- High-level talks between Kyiv and Moscow set to take place on the Ukraine-Belarus border.
- President Volodymyr Zelenskyy calls the next 24 hours “crucial” for Ukraine.
- Ukraine’s military claims the pace of Russia’s assault has slowed.
- Civilian death toll now stands at 352 people, including 14 children, Ukraine’s health ministry says.
- Moscow shifts its nuclear forces to a high alert footing.
Here are all the latest updates:
Ukrainian delegation arrives for talks
Ukrainian officials have arrived for talks with Russia at the Ukraine-Belarus border.
The negotiations are expected to get under way imminently.
Bulgarian defence minister set to be sacked over Ukraine rhetoric
Bulgarian Prime Minister Kiril Petkov has said he will move to sack the country’s defence minister after his reluctance to describe the Russian invasion of Ukraine as a war prompted calls for his removal.
Petkov said his centrist coalition government will hold talks later on Monday to decide on Stefan Yanev’s dismissal and line up a potential replacement.
China urges calm after Putin puts nuclear forces on high alert
Chinese foreign ministry spokesperson Wang Wenbin has called for all sides to remain calm and avoid further escalation after Russian President Vladimir Putin put his country’s nuclear deterrent on high alert
Wang, speaking at a regular daily media briefing, also reiterated China’s view that all countries’ legitimate security concerns should be taken seriously.
Beijing has previously called for Russia’s concerns over the eastward expansion of the United States-led NATO military alliance to be addressed.
But in a move that Western countries viewed as an indication of Russia’s international isolation, China abstained from voting on a draft UN Security Council resolution last week that would have deplored Moscow’s invasion, rather than vetoing it.
Ukraine denies Russian troops in control of Zaporizhzhia nuclear plant: Report
Ukraine’s state-run nuclear company Energoatom has denied reports that Russian forces have seized control of the Zaporizhzhia nuclear power plant, the largest in Europe, according to a report by the Interfax Ukraine news agency.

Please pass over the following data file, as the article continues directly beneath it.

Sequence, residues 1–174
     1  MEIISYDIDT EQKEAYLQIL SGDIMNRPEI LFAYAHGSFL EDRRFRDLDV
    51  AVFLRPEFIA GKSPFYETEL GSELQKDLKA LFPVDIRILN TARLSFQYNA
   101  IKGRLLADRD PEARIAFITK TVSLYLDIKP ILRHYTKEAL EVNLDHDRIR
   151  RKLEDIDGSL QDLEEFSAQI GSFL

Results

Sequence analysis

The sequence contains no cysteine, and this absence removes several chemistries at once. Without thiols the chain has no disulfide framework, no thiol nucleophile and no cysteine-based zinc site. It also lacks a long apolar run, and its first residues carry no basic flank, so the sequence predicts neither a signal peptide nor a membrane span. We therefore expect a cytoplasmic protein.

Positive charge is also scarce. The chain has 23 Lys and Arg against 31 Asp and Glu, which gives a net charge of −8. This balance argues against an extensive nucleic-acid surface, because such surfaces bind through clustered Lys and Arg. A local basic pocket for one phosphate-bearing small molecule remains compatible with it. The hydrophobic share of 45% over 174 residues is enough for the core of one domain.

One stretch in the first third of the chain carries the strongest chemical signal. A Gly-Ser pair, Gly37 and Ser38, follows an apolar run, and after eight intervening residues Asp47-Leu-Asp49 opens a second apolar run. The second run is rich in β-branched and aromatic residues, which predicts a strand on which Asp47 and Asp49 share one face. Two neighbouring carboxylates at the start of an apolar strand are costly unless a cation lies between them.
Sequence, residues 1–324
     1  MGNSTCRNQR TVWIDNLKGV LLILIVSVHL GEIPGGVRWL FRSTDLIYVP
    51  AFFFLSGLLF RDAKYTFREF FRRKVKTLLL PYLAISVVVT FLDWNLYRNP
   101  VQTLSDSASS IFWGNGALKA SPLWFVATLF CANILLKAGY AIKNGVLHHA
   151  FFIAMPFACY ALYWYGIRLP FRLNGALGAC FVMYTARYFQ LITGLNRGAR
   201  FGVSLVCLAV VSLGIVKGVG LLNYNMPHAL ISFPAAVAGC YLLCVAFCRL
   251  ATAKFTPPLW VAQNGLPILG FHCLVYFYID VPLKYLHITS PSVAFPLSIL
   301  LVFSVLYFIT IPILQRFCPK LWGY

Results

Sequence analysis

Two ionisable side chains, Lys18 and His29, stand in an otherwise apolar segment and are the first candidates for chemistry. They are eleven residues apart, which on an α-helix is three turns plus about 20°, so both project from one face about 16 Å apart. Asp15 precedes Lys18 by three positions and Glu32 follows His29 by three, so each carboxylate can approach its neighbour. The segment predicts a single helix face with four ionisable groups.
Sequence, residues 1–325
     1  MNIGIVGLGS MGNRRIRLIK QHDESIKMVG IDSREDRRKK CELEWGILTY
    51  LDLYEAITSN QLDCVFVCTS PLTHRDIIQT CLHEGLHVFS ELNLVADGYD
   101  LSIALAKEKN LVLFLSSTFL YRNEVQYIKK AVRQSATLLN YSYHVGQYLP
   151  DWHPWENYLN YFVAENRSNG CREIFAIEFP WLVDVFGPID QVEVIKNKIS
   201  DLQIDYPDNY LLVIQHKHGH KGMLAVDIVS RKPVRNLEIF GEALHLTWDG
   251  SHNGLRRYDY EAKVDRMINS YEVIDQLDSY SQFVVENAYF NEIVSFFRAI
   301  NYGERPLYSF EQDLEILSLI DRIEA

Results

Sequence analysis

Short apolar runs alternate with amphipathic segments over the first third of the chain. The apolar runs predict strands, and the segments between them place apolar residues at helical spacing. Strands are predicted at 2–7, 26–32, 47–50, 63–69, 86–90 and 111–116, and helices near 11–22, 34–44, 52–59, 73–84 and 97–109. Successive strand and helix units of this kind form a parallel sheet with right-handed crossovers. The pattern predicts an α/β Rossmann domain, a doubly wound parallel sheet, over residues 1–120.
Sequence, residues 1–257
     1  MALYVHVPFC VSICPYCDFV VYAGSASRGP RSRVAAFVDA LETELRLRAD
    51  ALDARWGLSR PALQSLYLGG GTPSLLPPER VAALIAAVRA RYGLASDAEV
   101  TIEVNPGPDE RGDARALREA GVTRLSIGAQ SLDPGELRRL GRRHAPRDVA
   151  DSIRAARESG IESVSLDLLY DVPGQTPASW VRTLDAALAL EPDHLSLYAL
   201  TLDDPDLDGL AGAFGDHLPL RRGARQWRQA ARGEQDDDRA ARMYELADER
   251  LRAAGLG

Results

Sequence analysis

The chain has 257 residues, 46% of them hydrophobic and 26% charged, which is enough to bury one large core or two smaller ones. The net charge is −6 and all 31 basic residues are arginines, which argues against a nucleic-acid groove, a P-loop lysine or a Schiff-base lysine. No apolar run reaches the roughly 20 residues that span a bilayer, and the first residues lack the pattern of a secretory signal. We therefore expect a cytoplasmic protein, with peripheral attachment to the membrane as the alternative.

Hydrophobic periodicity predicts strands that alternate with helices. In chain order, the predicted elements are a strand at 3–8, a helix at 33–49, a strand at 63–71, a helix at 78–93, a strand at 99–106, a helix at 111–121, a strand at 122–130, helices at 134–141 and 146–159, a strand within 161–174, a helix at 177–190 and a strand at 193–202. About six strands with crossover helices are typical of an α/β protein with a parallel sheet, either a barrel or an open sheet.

Last week Russian forces gained control over the site of the defunct Chernobyl nuclear power plant.
Delegations ‘arriving’ for talks
Al Jazeera’s Jonah Hull, reporting from the city of Lviv, in western Ukraine, says the talks between Kyiv and Moscow are due to begin in about “two hours”.
“The delegations we understand, are arriving … We don’t know who makes up these delegations but they are described as fairly high-level, though clearly not leader level,” Hull said.
“And they are set to take place on the Ukraine-Belarus border in a place called Pripyat … the so-called ghost town at the centre of the exclusion zone close to the Chernobyl reactor that was abandoned at the time of the disaster there in 1986,” he added.
“Apparently, that is the potentially rather eerie setting for these talks, but it is not clear what the form of the talks is, how long they will last, or indeed what even is on the table.”
Venue for Ukraine-Russia talks ready, Belarusian spokesman says
The venue for upcoming talks between Russia and Ukraine has been readied, Belarusian state-run news agency Belta reports, quoting a spokesman for the country’s foreign ministry.
Anatoly Glaz said the talks will begin as soon as delegations from both sides arrive at the venue, Belta reported.
UK says Russian advance on Kyiv slowed by staunch Ukrainian resistance
Russian forces’ advance on Kyiv has been slowed by logistical failures and fierce Ukrainian resistance, the United Kingdom’s defence ministry says.
“The bulk of Putin’s ground forces remain more than 30km to the north of Kyiv, their advance having been slowed by Ukrainian forces defending Hostomel airfield, a key Russian objective for day one of the conflict,” the ministry said.
“Logistical failures and staunch Ukrainian resistance continue to frustrate the Russian advance.”
Heavy fighting continues around Chernihiv, a city in northern Ukraine, and the northeastern city of Kharkiv, the defence ministry said in an intelligence update posted on Twitter. Both cities remain under Ukrainian control, it added.
Latest Defence Intelligence update on Ukraine pic.twitter.com/6WoxBkatNt
— Ministry of Defence 🇬🇧 (@DefenceHQ) February 28, 2022
Will escalating sanctions shift Fortress Russia? It’s not a given
Experts warn the West’s economic response to Russia’s invasion of Ukraine may not be enough to force Putin to change course.